Your stipulation of definition doesn't make sense. The only way that we can define distance is by adding some structural information to the tree such that we know how to arrange the nodes. That's what "sub-classes" do in a hierarchical relationship. The links are essentially just "edges", as any tree can be transformed into a graph.

If your nodes are just labels, then they are nominal pieces of data. There's no way that you can calculate any ratios or intervals, so any distance metric would have to be equal to the number of links from the desired node.

If your nodes in the tree correspond to data structures (for example, Animals), then we can assume that each of those structures have shared attributes. (for example: eye color, weight, height, isFurry, etc) These attributes may have domain and range in interval or ratio scales, in which case we can compute a meaningful distance.

To represent the distance between objects here, you can realize that what you are really doing is defining a coordinate space across a set of variables (x= eye color, y=weight, z=height, isFurry=q). So each individual node is actually a vector in the coordinate space defined by the set of common attributes. Consequently, you can calculate a Euclidean distance, Mahabolis Distance, Manhattan Distance, Cosine Similarity, or any other distance metric you want.

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definition means not using a similarity measure but instead grouping things together some more...what i said makes sense... –  algorithmicCoder May 2 '11 at 3:35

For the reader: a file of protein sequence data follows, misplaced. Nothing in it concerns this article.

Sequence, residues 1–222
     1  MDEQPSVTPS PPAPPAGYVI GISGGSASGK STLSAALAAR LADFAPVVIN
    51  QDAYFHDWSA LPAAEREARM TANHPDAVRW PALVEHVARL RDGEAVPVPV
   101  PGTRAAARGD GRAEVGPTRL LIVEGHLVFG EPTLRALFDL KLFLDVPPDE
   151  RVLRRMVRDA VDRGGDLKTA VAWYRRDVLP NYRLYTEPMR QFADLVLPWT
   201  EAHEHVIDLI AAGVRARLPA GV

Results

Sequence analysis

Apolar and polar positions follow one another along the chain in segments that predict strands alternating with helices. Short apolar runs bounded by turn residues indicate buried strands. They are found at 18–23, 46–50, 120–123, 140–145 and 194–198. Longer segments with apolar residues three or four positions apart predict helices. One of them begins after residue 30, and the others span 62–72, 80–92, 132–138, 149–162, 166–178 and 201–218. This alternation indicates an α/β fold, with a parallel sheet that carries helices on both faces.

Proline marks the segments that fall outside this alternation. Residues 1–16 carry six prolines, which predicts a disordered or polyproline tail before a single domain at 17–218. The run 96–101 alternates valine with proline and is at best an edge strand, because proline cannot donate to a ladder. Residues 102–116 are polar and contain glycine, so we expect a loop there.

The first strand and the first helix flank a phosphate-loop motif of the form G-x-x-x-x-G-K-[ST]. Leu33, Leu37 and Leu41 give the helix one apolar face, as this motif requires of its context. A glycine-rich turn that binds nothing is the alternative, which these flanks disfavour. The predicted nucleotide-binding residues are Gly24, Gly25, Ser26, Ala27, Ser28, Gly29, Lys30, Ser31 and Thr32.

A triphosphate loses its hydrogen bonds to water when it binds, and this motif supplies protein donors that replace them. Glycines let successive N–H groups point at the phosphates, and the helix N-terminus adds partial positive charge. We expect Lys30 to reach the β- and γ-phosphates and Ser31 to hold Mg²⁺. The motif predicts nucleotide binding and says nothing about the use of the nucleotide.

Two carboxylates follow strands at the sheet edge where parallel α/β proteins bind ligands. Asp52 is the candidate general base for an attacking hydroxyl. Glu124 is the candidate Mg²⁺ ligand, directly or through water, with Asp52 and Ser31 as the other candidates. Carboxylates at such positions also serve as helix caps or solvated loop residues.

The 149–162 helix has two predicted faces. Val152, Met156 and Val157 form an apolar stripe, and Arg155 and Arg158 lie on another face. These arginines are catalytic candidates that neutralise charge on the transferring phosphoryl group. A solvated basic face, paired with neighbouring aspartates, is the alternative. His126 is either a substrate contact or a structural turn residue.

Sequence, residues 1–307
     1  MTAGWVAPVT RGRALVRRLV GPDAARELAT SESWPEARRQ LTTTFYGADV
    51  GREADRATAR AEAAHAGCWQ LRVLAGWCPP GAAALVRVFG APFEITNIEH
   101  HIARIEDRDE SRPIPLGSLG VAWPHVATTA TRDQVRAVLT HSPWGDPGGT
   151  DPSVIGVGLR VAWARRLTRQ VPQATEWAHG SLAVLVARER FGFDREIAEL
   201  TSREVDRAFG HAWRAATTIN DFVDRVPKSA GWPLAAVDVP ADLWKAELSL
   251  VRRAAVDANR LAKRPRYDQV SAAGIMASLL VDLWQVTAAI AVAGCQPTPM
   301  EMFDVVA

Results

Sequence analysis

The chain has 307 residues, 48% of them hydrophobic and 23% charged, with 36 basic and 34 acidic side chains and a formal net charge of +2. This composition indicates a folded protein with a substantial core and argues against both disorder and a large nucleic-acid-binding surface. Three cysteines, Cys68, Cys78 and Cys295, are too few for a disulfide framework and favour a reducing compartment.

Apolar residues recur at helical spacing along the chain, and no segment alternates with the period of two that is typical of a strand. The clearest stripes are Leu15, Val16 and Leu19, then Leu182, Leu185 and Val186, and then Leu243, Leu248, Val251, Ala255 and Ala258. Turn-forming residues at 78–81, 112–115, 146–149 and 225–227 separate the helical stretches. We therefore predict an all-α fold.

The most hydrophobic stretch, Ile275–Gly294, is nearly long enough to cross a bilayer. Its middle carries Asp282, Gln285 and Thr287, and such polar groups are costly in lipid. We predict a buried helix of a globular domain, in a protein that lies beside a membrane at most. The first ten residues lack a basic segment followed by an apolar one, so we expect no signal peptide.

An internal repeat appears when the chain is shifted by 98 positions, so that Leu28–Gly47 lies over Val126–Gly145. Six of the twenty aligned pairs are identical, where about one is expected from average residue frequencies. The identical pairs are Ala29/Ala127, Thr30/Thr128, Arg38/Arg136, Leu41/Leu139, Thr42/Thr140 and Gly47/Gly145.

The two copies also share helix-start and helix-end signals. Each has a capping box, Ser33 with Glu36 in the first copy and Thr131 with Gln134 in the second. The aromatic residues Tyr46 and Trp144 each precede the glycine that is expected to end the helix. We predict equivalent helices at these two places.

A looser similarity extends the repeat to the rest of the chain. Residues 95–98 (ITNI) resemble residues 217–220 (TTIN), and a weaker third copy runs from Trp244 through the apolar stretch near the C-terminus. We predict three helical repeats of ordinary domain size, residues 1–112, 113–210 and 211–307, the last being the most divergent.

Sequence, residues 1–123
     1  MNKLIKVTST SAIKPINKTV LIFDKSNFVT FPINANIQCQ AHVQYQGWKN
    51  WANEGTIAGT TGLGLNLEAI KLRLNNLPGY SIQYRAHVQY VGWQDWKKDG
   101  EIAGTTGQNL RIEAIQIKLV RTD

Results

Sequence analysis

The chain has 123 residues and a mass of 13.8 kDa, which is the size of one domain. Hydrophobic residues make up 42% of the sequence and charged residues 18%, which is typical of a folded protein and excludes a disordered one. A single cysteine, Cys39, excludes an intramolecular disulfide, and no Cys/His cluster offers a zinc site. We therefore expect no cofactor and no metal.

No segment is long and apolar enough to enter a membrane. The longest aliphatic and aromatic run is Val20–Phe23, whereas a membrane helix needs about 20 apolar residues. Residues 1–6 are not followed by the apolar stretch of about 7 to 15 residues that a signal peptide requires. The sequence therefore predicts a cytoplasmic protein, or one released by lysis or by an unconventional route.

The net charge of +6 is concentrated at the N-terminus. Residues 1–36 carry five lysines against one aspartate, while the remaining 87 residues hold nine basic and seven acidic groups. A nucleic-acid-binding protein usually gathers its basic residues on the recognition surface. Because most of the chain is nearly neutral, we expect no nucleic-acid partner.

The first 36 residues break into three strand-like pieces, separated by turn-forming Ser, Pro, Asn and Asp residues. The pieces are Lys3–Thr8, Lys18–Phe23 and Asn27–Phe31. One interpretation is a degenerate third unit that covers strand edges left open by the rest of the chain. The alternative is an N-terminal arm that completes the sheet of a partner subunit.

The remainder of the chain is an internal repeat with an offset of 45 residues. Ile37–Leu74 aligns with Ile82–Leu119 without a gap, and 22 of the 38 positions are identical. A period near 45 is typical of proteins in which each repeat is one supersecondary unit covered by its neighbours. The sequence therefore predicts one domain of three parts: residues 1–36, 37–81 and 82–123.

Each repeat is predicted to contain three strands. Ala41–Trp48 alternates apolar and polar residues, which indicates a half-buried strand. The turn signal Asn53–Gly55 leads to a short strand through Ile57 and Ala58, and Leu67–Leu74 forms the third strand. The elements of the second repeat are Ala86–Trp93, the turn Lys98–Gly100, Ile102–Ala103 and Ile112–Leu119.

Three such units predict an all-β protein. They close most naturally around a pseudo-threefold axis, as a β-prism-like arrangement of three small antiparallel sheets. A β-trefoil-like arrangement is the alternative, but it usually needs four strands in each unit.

But in order to use a similarity measure, we have to have a way of comparing the similarity. Grouping creates associations and structure which we leverage when defining a similarity metric. The way you group implicitly creates distance. –  Visionary Software Solutions May 2 '11 at 3:46

I think that what you are trying to do is hierarchical clustering, and what you have is called distance matrix.

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This seems more applicable to situations where one is trying to find a pattern in the data as opposed to where one already knows the pattern and is just trying to represent it.... –  algorithmicCoder May 2 '11 at 5:05
    
What you already have is the matrix. If you are satisfied with it, the matrix is the answer. But I though you wanted some tree-like structure and you didn't have that structure yet. Hierarchical clustering, and its resulting tree structure (simple grouping of the elements) is what that is. –  sawa May 3 '11 at 6:02
1  
based upon the edits made to the question and the example provided (which does define a distance matrix), that sounds like exactly what's going on here. I'm not sure the op understands what he's going for. If you know the hierarchical relationships a priori, then you already have the distances and you can store the links between each node and other nodes. So yes, you store everything in a graph. If you want to use that information to classify a new node, you can use K-Nearest Neighbors. If you don't know the hierarchical relationships, you can discover them with HAC. –  Visionary Software Solutions May 5 '11 at 18:38